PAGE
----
Friday, February 9, 2018
Domestic Shooting Statement
This was posted to our Facebook and is redacted. I do not know the origins.
Let's take a look...
In Statement Analysis, we recognize that even with deceptive statements, most deception is via withheld information, not from direct fabrication when a subject is in the Free Editing Process of choosing his own words. This is why we teach to have confidence in the words.
The speed of transmission.
Some analysts use the phrase "in less than a microsecond" and others use "less than a millisecond" and it is not simply for effect.
If a subject has an internal personal dictionary of 25,000 words and is asked, "What did you do today?", he cannot tell us everything he did. It is not only impossible, but it would never end. Therefore, to answer the question, he must go into his internal dictionary and choose:
a. what information to give; what information not to give
b. what order to present the info in
c. what words to use
d. where to place each word next to another
e. what verb tenses to use
f. what pronouns to use
This incredible speed of transmission gives us our accuracy in analysis.
"Out of the abundance of the heart, the mouth speaks" is this truth recognized from antiquity. It is not simply the speed of transmission from the brain to the tongue of, for example, 25,000 words.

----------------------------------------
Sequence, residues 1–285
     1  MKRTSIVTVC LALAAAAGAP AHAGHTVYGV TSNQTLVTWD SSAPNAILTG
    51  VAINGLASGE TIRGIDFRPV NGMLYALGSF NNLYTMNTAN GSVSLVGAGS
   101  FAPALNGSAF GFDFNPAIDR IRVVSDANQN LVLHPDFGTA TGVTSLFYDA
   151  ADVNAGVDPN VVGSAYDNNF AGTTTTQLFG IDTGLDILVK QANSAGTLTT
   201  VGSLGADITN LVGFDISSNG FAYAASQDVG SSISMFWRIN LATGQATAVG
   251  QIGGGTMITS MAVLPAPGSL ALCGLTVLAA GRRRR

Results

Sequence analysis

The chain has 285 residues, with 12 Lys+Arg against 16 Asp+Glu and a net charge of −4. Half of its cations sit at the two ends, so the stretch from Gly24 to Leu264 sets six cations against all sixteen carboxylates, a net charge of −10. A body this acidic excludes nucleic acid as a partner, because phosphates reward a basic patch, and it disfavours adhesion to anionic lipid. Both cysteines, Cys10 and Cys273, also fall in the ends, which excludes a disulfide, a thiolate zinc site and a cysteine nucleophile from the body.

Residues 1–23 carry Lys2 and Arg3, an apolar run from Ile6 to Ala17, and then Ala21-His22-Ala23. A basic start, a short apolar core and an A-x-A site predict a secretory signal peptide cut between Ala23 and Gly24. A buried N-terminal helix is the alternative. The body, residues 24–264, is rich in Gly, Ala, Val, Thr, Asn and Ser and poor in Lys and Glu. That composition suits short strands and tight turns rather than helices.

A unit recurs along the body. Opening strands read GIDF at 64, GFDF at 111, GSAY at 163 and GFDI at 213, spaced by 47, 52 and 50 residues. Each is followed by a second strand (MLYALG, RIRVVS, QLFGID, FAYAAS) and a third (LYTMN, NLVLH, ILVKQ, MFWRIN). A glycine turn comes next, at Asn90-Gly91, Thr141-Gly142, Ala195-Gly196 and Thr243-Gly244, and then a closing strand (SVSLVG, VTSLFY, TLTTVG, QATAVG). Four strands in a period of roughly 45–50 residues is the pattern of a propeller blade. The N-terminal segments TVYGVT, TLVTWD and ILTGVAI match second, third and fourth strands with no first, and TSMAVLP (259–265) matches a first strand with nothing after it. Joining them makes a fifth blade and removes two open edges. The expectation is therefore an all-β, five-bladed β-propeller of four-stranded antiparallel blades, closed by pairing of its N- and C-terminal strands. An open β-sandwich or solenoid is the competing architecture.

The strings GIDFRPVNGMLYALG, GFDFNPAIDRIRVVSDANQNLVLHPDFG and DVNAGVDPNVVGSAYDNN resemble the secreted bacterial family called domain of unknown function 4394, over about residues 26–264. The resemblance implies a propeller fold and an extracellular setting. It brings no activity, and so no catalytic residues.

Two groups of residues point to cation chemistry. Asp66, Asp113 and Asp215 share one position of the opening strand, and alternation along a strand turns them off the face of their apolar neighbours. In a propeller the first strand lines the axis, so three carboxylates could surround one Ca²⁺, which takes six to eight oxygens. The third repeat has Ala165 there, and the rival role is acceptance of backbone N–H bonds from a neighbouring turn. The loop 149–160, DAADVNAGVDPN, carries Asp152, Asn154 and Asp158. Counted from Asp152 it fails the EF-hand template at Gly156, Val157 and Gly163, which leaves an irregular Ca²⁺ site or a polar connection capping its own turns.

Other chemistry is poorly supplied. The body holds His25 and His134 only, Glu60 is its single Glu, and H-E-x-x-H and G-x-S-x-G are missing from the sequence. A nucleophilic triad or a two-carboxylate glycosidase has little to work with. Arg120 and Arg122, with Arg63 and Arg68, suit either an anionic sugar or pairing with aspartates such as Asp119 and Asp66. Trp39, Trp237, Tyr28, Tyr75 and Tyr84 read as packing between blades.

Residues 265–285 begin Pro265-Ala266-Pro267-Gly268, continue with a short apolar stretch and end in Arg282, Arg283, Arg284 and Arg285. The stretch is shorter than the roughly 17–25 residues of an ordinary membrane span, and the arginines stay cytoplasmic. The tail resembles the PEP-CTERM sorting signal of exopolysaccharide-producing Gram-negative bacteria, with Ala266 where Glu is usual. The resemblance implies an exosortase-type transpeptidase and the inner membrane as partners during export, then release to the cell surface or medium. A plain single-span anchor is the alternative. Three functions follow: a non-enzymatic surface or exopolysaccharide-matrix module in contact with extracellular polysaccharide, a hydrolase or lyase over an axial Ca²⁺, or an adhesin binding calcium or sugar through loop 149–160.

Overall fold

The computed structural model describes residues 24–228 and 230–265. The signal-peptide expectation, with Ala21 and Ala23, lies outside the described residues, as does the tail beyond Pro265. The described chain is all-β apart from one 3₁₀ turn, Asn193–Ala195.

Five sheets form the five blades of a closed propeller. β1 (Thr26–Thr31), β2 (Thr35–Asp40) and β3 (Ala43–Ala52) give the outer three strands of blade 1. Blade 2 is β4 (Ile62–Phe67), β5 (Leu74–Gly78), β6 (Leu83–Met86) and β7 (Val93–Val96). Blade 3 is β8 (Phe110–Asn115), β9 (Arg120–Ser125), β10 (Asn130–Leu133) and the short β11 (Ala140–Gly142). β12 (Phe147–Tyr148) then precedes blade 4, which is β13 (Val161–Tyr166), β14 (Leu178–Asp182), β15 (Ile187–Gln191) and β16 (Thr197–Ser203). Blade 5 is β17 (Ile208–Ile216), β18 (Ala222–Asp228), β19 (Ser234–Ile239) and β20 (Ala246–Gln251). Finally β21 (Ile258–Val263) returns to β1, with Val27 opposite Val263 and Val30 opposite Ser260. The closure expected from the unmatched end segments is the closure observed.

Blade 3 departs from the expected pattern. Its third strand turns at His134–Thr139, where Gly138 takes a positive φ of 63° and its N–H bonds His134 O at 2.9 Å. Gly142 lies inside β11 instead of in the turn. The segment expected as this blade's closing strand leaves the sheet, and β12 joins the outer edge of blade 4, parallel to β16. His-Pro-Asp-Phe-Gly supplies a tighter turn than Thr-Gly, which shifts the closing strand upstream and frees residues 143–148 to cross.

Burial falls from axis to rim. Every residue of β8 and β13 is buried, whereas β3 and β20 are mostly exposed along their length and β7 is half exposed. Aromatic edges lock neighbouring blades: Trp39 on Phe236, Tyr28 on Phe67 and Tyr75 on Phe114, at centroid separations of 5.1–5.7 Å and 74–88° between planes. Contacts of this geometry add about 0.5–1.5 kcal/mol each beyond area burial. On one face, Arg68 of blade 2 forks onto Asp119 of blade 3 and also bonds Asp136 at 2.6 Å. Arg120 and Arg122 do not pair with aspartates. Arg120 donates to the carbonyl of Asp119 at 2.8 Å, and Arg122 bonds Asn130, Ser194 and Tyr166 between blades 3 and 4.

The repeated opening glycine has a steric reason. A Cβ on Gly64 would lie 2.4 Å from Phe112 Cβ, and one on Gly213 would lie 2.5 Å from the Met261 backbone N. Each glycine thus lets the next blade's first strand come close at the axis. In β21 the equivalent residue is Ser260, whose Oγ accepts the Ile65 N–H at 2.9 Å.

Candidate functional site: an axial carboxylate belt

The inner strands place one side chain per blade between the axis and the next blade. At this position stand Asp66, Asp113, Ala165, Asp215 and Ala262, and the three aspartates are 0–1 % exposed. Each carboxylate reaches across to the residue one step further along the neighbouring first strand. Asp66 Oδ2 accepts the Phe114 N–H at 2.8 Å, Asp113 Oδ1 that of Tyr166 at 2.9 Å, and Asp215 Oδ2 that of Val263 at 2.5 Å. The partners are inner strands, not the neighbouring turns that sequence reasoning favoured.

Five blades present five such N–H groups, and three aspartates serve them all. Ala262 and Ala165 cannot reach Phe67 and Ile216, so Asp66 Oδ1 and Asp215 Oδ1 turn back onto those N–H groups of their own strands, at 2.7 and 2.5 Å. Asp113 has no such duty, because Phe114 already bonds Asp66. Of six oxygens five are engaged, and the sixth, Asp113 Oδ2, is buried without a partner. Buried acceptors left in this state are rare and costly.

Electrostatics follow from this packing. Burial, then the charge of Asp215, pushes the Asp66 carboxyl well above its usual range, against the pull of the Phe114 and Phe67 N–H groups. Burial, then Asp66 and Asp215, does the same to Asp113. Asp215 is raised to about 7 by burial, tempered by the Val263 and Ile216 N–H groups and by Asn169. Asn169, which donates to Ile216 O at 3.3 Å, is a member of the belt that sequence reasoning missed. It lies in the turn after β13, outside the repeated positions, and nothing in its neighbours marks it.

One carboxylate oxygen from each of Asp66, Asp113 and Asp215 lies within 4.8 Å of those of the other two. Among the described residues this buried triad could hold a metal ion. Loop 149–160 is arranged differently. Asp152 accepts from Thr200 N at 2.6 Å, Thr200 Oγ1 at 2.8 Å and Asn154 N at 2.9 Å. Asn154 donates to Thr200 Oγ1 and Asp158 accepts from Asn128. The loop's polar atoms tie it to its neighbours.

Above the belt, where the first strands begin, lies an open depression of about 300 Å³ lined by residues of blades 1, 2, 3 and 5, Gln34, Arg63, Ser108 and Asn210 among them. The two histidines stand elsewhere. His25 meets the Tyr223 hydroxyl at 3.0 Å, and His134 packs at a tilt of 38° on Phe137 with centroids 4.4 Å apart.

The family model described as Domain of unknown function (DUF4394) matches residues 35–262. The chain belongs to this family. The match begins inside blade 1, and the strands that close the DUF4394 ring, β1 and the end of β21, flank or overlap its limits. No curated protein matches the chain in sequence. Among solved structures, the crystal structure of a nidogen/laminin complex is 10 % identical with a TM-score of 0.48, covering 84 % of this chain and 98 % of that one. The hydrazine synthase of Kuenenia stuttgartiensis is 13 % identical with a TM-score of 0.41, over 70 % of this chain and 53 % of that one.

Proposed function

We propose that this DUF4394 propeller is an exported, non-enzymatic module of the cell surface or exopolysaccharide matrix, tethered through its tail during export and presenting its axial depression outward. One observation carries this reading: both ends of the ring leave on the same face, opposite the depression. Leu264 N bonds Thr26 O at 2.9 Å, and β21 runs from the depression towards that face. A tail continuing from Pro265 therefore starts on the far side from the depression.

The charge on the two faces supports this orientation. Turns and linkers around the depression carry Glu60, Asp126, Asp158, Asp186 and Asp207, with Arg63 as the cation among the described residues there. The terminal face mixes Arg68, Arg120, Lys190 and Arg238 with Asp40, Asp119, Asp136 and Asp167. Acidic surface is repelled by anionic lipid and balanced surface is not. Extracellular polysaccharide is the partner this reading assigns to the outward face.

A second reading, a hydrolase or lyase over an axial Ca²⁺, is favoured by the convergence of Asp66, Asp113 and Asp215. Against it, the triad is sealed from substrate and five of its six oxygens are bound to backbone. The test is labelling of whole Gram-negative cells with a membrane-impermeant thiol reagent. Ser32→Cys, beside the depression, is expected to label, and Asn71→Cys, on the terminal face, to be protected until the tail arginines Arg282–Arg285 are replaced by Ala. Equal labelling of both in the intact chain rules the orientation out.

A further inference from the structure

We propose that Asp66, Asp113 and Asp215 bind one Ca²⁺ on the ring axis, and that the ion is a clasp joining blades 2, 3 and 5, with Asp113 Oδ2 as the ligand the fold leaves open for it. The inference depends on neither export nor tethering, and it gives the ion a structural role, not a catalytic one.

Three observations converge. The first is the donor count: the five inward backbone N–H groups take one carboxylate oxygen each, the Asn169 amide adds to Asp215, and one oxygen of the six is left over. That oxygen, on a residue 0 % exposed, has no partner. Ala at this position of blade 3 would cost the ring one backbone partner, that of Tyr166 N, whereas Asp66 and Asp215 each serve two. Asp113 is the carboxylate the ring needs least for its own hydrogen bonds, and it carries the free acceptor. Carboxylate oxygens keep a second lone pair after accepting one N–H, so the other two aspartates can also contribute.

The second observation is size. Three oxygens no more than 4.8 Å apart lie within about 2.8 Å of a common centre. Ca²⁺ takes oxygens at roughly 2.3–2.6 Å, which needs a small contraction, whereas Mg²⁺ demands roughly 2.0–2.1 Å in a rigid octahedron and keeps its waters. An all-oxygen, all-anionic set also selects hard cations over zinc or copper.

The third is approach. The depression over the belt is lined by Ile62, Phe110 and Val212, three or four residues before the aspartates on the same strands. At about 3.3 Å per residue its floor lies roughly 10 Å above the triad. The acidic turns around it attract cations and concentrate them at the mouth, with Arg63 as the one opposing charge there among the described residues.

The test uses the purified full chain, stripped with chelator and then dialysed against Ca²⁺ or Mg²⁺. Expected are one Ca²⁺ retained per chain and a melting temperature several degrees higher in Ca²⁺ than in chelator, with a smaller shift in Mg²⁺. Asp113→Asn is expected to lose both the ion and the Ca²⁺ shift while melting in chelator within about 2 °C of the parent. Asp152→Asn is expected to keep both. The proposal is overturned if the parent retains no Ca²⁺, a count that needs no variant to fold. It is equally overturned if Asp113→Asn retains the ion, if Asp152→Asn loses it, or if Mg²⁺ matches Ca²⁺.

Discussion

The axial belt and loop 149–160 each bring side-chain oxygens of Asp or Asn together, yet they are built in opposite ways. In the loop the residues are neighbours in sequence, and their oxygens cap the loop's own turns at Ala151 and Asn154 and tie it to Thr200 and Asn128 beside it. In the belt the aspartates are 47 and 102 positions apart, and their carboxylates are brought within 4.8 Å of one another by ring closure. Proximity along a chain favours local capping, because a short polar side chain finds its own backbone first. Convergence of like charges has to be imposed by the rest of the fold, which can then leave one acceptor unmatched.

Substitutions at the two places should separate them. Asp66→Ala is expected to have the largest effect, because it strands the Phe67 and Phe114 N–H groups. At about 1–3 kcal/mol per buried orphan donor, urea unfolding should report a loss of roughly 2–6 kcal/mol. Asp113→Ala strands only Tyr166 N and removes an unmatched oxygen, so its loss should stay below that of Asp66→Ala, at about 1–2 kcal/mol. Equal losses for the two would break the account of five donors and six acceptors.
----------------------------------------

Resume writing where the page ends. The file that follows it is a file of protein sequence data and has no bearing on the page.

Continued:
This does not accurately reflect what is happening.
Other than wikipedia quoting, there is no tangible measurement to accurately define how quick the brain scans through not only thousands and thousands of words, but the details, experiences, attendant thoughts and hormonal responses associated, that accompany each and every word, as well as the rapid processing of potential consequence for using each word. This goes well beyond the speeds of transmission cited.
"Abundance" does not define simply 25,000 to 35,000 words. That is just the beginning. For us, there is no accurate measurement of this speed, and when or if an accurate measurement is found in science, it will amaze us.
Where did our subject choose to begin his statement? Would he say, "I shot my wife Susan by accident""?
"I was messing around with the laster and I pointed it at my wife."
This is where the subject began the statement about what happened. He begins with the pronoun "I" which means he is "psychologically in" the statement. For analysis, this is an indicator that even if lying, we are very likely to obtain reliable information from the statement.
We believe him.
This is not only where he began (priority) but is also a Hina clause; an explanation as to "why" something happened, while explaining "what" happened.
Instead of "I shot my wife accidentally" the subject began with an explanation of why, very likely to pre empt being asked why the firearm was aimed at her.
"Messing around" is to use language associated with carelessness, or lack of intent, contextually. But we do not interpret. Those who interpret do not maintain 100% accuracy in detecting deception but fall prey to those who are clever enough to rely upon the expectation of interpretation by recipients in order to deceive.
"I pointed it at my wife" is, on its structure, reliably stated. If it is not true, it is a most rare of lies.
She is, at this point, "my wife" which is incomplete, though we do not know if he used her name just prior to this, but within his recall: it is an incomplete social introduction.
"She looked down."
This is a very important statement. This, too, is reliable, and we should believe him.
What is missing?